The religion site Beliefnet – now owned by Fox Entertainment Group – has a variety of bloggers, including a few conservatives. Rod Dreher drew some network attention last year for attacking Sarah Palin as an unserious choice for vice president. On Sunday, Dreher started lobbing bombs at Rush Limbaugh and his fans. He titled his article "CPAC: White kids on dope," with the subheadline "Ah, to be an anthropologist at CPAC, where the kids was smokin' th' political crack." Dreher was very unhappy that a boisterous crowd cheered Limbaugh’s message to the conference, and saw some kind of creepy censorship emerging when Limbaugh warned: "beware of those different factions who seek as part of their attempt to redefine conservatism, as making sure the liberals like us, making sure that the media likes us. They never will, as long as we remain conservatives." Out of that, Dreher wildly swung at Limbaugh’s head:
Anybody who challenges Limbavian orthodoxy is, ipso facto, the Enemy. If you suggest reform, even from the Right, you are a useful idiot for the Media, which are the Enemy, and can never be anything but the Enemy. Limbaughism sounds a lot like Leninism.
The transcript of Rush's speech is here. Dreher concluded with the same thought:
I should say that there's something to like in the Limbaugh speech; I share a degree of his skepticism over the expanding role of the state in American life under Obama, and his confidence that the greater responsibility for our own condition lies in individual and private-sector initiative. But good grief, is this what constitutes popular conservatism in 2009? This ideologically-driven right-wing Rousseauism, with Leninist overtones about the Enemies of the People? If so, then count me as an Enemy, because I want nothing to do with it, as I recognize it as simply a crudely politicized form of philosophical liberalism.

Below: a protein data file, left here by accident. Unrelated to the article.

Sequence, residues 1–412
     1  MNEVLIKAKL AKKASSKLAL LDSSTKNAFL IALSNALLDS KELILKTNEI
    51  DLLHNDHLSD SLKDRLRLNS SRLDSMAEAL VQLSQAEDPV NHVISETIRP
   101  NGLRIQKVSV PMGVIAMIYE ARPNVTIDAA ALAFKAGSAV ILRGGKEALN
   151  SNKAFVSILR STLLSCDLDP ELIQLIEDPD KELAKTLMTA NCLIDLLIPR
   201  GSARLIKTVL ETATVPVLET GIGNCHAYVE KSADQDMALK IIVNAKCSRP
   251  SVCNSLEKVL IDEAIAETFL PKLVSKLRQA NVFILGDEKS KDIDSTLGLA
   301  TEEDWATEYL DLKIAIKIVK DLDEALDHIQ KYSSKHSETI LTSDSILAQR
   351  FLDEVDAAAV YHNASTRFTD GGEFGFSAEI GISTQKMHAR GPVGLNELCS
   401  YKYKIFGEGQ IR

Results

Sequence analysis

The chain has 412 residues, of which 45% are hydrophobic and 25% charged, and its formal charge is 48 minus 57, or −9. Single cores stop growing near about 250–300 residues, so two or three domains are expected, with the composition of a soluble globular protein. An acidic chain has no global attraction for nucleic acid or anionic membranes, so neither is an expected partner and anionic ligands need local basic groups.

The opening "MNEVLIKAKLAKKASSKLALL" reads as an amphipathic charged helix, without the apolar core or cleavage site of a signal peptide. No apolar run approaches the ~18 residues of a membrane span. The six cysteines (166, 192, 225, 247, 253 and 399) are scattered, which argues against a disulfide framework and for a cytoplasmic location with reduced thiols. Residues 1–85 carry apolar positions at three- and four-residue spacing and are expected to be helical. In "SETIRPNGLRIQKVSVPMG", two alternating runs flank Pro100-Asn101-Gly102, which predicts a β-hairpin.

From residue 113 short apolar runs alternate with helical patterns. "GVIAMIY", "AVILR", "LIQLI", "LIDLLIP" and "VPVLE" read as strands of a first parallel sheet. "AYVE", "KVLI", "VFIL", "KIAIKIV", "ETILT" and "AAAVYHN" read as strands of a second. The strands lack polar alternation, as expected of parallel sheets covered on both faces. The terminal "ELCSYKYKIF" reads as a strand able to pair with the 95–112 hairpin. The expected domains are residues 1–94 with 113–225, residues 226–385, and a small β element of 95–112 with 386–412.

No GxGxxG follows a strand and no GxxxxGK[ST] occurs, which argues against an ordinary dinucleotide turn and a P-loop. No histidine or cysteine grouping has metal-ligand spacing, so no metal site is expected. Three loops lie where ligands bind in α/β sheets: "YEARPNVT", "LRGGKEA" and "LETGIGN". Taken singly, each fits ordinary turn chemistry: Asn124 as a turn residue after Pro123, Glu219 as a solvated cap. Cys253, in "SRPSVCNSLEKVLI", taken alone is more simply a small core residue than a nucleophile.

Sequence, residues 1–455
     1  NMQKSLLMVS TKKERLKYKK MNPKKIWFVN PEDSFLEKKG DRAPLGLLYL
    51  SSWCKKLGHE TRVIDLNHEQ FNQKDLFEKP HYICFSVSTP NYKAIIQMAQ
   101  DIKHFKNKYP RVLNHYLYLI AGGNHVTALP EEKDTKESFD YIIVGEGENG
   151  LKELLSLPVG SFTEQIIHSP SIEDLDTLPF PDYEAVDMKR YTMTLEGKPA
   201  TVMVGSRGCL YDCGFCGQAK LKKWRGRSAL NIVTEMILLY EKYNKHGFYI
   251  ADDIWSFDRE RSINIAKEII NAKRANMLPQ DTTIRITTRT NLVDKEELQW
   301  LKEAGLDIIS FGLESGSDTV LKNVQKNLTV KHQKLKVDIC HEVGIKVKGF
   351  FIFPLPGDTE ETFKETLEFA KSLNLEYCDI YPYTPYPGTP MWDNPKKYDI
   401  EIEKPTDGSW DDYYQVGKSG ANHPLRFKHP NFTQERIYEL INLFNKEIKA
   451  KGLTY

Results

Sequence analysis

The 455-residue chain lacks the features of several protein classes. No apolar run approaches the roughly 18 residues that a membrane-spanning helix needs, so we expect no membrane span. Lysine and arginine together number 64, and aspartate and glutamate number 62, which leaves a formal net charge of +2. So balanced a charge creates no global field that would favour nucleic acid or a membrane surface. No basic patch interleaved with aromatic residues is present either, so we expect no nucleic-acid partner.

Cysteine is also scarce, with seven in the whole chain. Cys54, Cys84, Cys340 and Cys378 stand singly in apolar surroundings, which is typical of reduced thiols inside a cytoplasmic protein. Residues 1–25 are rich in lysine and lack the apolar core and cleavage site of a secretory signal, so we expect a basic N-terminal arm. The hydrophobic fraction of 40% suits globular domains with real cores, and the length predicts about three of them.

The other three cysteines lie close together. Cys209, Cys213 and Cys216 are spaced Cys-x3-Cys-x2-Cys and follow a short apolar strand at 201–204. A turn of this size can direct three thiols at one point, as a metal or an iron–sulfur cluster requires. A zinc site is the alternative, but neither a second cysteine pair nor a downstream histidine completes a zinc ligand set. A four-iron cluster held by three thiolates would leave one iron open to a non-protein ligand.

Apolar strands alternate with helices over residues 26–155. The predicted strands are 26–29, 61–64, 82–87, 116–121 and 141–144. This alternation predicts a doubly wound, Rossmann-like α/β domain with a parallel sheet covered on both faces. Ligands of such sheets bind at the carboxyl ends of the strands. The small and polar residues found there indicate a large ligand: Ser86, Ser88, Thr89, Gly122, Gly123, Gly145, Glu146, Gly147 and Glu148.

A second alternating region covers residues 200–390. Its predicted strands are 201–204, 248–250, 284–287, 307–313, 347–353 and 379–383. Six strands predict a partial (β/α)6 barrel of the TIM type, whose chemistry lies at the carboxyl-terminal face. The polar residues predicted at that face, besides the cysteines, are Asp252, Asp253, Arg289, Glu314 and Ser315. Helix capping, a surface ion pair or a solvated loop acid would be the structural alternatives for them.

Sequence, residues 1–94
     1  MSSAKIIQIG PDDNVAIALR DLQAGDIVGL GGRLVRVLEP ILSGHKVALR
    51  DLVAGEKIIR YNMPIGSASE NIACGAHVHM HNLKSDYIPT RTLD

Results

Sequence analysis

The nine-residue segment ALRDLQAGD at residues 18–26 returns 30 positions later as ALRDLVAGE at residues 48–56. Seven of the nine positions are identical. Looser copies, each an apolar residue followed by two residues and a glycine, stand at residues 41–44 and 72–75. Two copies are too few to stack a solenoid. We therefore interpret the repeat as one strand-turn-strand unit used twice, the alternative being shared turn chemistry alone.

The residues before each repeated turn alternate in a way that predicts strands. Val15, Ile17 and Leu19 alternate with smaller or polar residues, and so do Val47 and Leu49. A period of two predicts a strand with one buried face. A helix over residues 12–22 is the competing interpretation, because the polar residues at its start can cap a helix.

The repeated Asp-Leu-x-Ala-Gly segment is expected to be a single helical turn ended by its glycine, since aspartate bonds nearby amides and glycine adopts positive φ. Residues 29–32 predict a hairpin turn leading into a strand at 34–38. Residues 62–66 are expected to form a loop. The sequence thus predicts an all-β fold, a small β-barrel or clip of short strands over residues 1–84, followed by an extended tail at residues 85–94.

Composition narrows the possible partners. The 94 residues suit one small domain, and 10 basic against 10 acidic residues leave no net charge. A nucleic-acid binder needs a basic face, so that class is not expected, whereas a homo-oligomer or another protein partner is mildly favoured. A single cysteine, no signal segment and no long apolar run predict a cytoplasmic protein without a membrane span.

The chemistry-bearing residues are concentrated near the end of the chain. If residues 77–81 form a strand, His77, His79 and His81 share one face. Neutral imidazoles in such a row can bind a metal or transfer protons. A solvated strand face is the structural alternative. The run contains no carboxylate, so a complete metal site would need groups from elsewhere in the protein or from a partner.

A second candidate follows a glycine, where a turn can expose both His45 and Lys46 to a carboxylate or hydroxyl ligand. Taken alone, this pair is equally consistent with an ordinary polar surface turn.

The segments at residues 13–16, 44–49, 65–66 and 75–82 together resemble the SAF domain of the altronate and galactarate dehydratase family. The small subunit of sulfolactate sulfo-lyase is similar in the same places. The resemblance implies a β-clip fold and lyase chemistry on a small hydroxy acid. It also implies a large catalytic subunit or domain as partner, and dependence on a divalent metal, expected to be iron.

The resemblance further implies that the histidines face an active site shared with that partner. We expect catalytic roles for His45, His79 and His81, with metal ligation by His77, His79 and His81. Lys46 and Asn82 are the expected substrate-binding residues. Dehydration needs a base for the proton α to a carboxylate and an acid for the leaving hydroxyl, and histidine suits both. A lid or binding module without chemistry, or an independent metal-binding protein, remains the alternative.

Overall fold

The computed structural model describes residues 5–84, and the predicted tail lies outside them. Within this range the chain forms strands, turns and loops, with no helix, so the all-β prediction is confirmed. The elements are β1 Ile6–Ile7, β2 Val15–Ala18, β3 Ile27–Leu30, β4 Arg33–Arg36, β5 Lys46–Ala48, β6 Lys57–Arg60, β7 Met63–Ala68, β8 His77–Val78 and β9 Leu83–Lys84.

For a reply, consider Jonah Goldberg's withering critique of Dreher's "crunchy conservatism," even calling it "Rousseau in a Russell Kirk mask."
On Beliefnet, Rod could tut-tut at Limbaugh for making jokes about how Larry King went to Heaven and was disturbed to find a large room with a neon sign of Rush Limbaugh, with the punchline, "This is God's room. He just thinks he's Rush Limbaugh." But he seems more defensive about the liberal media elite than he is about the Almighty. (Beliefnet's founder is Steven Waldman, a liberal Newsweek and Clinton White House vet.)
The article began with disgust that Tucker Carlson was booed at CPAC for suggesting The New York Times was careful about fact-finding (ahem, Jayson Blair? The Vicki Iseman story?):
Verily, that's the way to bring the party back: blame the media. I talked to a conservative the other day who assured me that Obama’s success is entirely a creation of the lying biased media, which tricked people into voting for him. The unpopularity of Republican policies has nothing to do with it. [Emphasis by the author.]
This straw man – that conservatives who decry The New York Times believe that Obama’s success is entirely a media creation – was the lead-in to his attack on Limbaugh. He can’t abide the idea that the media certainly "tricked" voters if they suggested Obama would be a cultural moderate or a fiscal conservative. Dreher also missed the point that by nominating John McCain, Republicans tried to please the media by picking someone they thought the media wouldn’t malign, and they found out that strategy certainly did not work.
Another Limbaugh-bashing conservative – on a lesser scale – was David Frum, whose offense was merely suggesting that Limbaugh was ruining the country and the conservative movement for his own narrow self-interest:
With his private plane and his cigars, his history of drug dependency and his personal bulk, not to mention his tangled marital history, Rush is a walking stereotype of self-indulgence – exactly the image that Barack Obama most wants to affix to our philosophy and our party. And we’re cooperating! Those images of crowds of CPACers cheering Rush’s every rancorous word – we’ll be seeing them rebroadcast for a long time.
Rush knows what he is doing. The worse conservatives do, the more important Rush becomes as leader of the ardent remnant. The better conservatives succeed, the more we become a broad national governing coalition, the more Rush will be sidelined.